Faith Heywood Illava was born in New York City in 1920, the daughter of Karl and Agatha (Brown) Illava. Faith’s father was a noted artist, educator and sculptor. Her mother’s career as a buyer for Macy’s Department Store included overseas travel; she was responsible for cementing a relationship between the store and the Irish Linen Guild. Faith and her sister Mary lived in Greenwich, Conn., where Mr. Illava was an art instructor at the Edgewood School.
One of Mr. Illava’s more famous sculptures, a memorial to the 107th New York Infantry Regiment, can be found in Central Park, near 5th Avenue and 67th Street. He used veterans of the 107th as models for the group of seven soldiers he sculpted. He had himself served as a cavalry sergeant with the 107th, which fought with distinction in France during WWI.
Faith was educated at the Edgewood School and Rollins College in Florida. She served as a staff sergeant map maker with the U.S. Eighth Army in France during WWII. Her unit narrowly escaped capture by the Wehrmacht during the 1944-1945 surprise German offensive referred to later as the Battle of the Bulge.
Like most veterans, Faith had stories to share of her years during the war. There was a particularly scary one about her Europe-bound troop ship. When the ship safely arrived in Calais the WAC company was informed that a German U-Boat had followed them halfway across the Atlantic. Faith said people fainted.
After the war, Faith worked for a brief period at Parents’ Magazine in the layout department, and later as a receptionist at The New Yorker.
She married Earl Runner of Wheeling, W.V., and Washington, D.C., in 1947. He was a stockbroker and realtor, as well as a sculptor. They moved often because of his work, living in Maryland, West Virginia, and New York City. The marriage produced a daughter and a son, ending in divorce in 1956.
After the divorce, Faith and the children moved to Manhattan to live with her mother. Two years later, the four moved to Rye, New York, where they stayed for four years. They then sailed to England and lived in a rented house in Oxford. Faith had fallen in love with England during the war and was eager to return. She also wanted to provide her children with a different educational experience. The children attended local schools, both boarding and day.
A few years later, the family returned to America and bought a house in Westport, Conn. Faith, learning about land for sale in West Tisbury, used a small inheritance from her father to buy the Alley family property that fronted on Tisbury Great Pond, later adding the contiguous Hanley property to the holding. As her son said, “The heart knows the way home.”
Faith had been a summer visitor to the island since infancy, vacationing with her father’s family, the Morningstars, at their home on Nashawena Park, Oak Bluffs. The home was later owned by Massachusetts Senator Edward Brooke. Faith’s father, an avid sailor and lover of catboats, would often sail to the Island from Connecticut, his two young daughters as crew. During her childhood years, Faith’s family returned during the summer months, finding places to rent all over the island. One camp on the Lagoon was named Kinder Cute, she recalled, which it decidedly was not.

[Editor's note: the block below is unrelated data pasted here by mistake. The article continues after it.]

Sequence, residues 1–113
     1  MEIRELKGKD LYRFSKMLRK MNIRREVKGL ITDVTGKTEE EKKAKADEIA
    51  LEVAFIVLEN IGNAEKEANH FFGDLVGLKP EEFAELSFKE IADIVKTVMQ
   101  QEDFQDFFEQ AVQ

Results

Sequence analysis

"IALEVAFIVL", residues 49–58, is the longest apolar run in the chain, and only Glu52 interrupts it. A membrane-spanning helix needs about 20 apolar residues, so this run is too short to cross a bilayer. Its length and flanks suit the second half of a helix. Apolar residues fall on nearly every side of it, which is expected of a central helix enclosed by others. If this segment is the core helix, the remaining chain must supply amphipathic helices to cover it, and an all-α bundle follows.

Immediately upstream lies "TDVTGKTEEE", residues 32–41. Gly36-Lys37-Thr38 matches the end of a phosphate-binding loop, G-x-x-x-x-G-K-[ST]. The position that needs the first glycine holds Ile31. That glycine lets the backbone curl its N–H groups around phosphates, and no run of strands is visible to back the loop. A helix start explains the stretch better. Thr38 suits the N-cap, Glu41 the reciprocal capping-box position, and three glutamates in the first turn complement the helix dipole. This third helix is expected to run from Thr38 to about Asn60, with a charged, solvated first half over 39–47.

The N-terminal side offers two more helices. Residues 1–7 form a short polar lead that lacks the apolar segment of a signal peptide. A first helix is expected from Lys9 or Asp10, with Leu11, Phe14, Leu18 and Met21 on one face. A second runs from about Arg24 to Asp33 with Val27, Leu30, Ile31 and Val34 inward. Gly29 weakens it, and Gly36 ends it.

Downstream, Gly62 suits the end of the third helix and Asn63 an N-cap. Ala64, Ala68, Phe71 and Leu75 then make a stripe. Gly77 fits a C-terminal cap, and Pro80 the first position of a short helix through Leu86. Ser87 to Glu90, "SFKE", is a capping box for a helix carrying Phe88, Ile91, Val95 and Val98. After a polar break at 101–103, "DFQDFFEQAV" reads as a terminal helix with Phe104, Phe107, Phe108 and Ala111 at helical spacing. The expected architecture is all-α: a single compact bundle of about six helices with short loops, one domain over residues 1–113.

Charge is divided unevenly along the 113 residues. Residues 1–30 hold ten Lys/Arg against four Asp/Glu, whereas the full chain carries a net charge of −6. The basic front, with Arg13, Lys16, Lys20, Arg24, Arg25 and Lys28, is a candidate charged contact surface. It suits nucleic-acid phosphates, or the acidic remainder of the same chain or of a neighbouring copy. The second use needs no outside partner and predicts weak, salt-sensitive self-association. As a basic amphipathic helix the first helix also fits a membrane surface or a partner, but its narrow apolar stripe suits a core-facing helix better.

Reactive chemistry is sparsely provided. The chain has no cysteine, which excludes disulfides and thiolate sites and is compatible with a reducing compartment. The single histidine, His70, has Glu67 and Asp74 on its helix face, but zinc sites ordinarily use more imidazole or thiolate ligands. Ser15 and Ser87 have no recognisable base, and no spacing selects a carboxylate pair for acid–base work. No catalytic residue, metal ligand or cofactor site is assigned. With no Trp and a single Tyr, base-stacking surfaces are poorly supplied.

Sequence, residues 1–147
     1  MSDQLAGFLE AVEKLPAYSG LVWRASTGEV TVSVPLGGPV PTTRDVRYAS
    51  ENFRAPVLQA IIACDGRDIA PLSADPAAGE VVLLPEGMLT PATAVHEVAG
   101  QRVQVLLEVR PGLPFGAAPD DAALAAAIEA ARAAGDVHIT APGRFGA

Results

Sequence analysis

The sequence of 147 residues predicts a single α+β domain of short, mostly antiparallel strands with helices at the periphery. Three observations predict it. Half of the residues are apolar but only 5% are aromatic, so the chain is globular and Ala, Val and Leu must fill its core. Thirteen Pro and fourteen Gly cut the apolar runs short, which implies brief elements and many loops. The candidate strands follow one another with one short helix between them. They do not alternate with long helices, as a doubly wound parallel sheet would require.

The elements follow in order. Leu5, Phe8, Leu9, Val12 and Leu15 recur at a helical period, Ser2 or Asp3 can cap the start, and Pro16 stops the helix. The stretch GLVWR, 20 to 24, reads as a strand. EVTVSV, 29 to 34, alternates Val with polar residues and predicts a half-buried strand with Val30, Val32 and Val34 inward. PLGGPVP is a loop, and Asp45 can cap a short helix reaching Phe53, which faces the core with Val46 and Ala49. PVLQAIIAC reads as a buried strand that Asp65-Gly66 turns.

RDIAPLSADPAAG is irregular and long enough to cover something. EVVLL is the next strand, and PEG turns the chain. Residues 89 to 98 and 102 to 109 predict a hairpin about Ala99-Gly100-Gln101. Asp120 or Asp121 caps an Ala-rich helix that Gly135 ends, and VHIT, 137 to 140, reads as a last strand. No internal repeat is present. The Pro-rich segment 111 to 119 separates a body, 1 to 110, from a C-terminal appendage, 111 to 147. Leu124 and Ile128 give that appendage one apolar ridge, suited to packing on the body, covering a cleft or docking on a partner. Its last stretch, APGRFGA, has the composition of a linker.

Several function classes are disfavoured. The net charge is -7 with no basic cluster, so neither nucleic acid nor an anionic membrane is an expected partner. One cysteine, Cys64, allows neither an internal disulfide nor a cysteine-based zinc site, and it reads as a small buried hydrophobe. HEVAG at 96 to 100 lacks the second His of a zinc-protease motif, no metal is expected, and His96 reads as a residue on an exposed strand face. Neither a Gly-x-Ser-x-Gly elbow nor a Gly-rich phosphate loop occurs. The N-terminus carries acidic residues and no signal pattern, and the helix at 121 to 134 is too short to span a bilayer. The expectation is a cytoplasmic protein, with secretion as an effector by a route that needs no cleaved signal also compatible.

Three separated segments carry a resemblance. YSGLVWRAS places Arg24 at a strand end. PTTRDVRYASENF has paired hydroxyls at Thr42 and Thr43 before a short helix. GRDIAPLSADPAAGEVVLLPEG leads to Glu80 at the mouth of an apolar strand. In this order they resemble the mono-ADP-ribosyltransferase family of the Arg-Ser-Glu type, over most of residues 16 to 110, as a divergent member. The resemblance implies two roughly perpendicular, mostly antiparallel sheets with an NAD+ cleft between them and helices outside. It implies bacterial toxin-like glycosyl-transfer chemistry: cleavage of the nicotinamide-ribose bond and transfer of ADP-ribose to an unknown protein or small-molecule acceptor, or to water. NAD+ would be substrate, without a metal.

Faith and Earl Runner were reunited in 1967, and made their permanent home on her West Tisbury property. They built two four-unit apartment buildings, naming their rental enterprise Cove House-Studio House Apartments. Earl also continued to create sculptures from wood, stone and bronze. Unlike Faith’s father, he preferred abstract design to the representational.
When Earl died in 1974, Faith stayed on and was joined by her daughter to help run the business.
“Faith was a gifted and inspired mother,” said her daughter. “She made wonderful Halloween costumes, was a den mother to my brother’s Cub Scout Troop, and had great patience with her young children. She drew clever illustrations to explain something to us, and answered every question we asked. She was loving and forgiving. She did not impose traditional values on her children, believing instead that exposing them to a wide range of possibilities was best. She opened our eyes to the natural world and taught us by example how to treat all creatures, even tiny ones, with wonder and respect. She taught us, from a very early age, to be polite, believing good manners were essential.”
Faith was an unfailingly kind and gracious person, generous and affectionate, possessed of warmth and a natural elegance. She loved reading; she enjoyed cats and observed them with unalloyed admiration; she was a gifted artist, though she produced only a small body of work in her lifetime; she had a deep and throaty laugh and an infectious hilarity when amused. She liked everyone she met, made friends easily, and attracted an unusual mix of wonderful people.
She is survived by her daughter, Faith “Hasty” Runner of West Tisbury; son Earl “Tersh” Runner III of Mount Holly, Vermont; two grandsons, Samuel Runner of Cuttingsville, Vermont, and Benjamin Runner of Tisbury, and four nieces. Faith was predeceased by her younger sister, Mary Illava Luttinger of New York State.
A celebration of her life is being planned.
Donations in Faith’s memory may be made to Hospice of Martha’s Vineyard, P.O. Box 1748, Vineyard Haven, MA 02568.